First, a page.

Known to be a pioneer in developing instruments for spectrum analysis, Rohde & Schwarz recently added a new product to its portfolio with the launch of its FSW signal and spectrum analyser. The product is designed to meet the requirements of development laboratories in aerospace, defence and communications industries. In a conversation with Rahul Chopra of Electronics Bazaar, Josef Wolf, director, spectrum analysis, network analysis and EMC subdivision, Rohde & Schwarz, speaks about the unique features of the firm’s latest launch and how significant India’s T&M market is for the company
EB: How important is the Indian market for Rohde & Schwarz (R&S)?
India is a significant market for us. We are seeing growth of our T&M product segment in India, but yes, the country is not amongst our top five markets in terms of revenue. Our product development team does keep travelling to India frequently to understand the needs of the Indian customers better and to train our team and customers.
EB: HAMEG had its own distribution channel, which was separate from R&S’. After the acquisition, have these been merged?
We do not want to make abrupt changes to the two firms’ respective distribution strategies just because R&S acquired HAMEG, else it can affect HAMEG’s business and its customers. We are continuously evaluating areas where both brands can operate within a common framework, without compromising on the growth potential of either brand.
EB: When R&S reports T&M numbers, do they include products sold under the HAMEG brand, too?
Yes. HAMEG was acquired by R&S for strategic reasons and the sale of its products is now reported as part of R&S balance sheet.
EB: Of the four products recently launched, is the launch of FSW the most important?
You’re absolutely correct. We believe that R&S’ FSW is a state of the art product with many cutting edge features, which are not available in any product offered by our competitors. It outperforms all comparable high end instruments in the market in both RF performance and bandwidth.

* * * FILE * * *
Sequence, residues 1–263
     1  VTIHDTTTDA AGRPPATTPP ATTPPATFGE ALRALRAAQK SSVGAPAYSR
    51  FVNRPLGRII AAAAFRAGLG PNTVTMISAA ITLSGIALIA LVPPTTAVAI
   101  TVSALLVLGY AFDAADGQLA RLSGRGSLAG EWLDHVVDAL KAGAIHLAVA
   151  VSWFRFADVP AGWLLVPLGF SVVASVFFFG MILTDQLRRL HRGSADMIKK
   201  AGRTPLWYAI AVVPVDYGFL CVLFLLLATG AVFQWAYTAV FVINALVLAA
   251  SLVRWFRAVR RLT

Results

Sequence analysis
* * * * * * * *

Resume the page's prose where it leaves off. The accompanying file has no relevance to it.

EB: What is the most important feature of FSW for engineers working in the aerospace and defence segments?
Its low phase noise, bandwidth and efficient spurious measurement will benefit them.
EB: Why is there such an emphasis on these features?
That is because when designing systems like radars, the biggest challenge for engineers is to pick up weak signals. FSW, with its low phase noise, will not confuse them with any noise. FSW, in fact, has the lowest phase noise in the market. At 10 kHz carrier offset, FSW achieves a phase noise specification of less than –137 dBc (1 Hz), which is up to 10 dB less than comparable instruments in the market. Close in to the carrier, it is even more. This is especially important for developers of RF components and complete systems for radar applications. By taking advantage of the analyser’s excellent phase noise specification, engineers can achieve more stable radar signals.
EB: And what would the most significant feature be for those designing telecom solutions?
It’s the ability to see and measure multiple signals within the same screen and to watch how one signal affects the other. We call it multi-standard radio analyser (MSRA). This is a very important feature for engineers working on base stations in wireless communication technologies. For example, you can watch a 3G signal, an LTE signal and a CDMA signal, simultaneously, on the same test and measurement (T&M) equipment and figure out the impact of one standard on the others sent over the transmitter.
EB: When can customers start ordering FSW? How does the pricing of FSW compare with FSU or FSV?
We are ready to take orders now. The pricing of FSW is almost the same as the comparable model of the FSU. FSV is a mid-range analyser with a lower performance and a lower price. However, for the same pricing, customers get a much better feature set in FSW, and that is what our sales team is going to pitch to customers.
EB: You had mentioned that FSW marks the end of the road for the FSU models. But these models were going up to 67 GHz, while FSW peaks at 26.5 GHz. So are you not leaving a gap?
We will keep manufacturing FSU for another couple of years and at the same time enhance the spectrum range of FSW. We will continue to invest in enhancing features in FSU to protect our customers’ investments.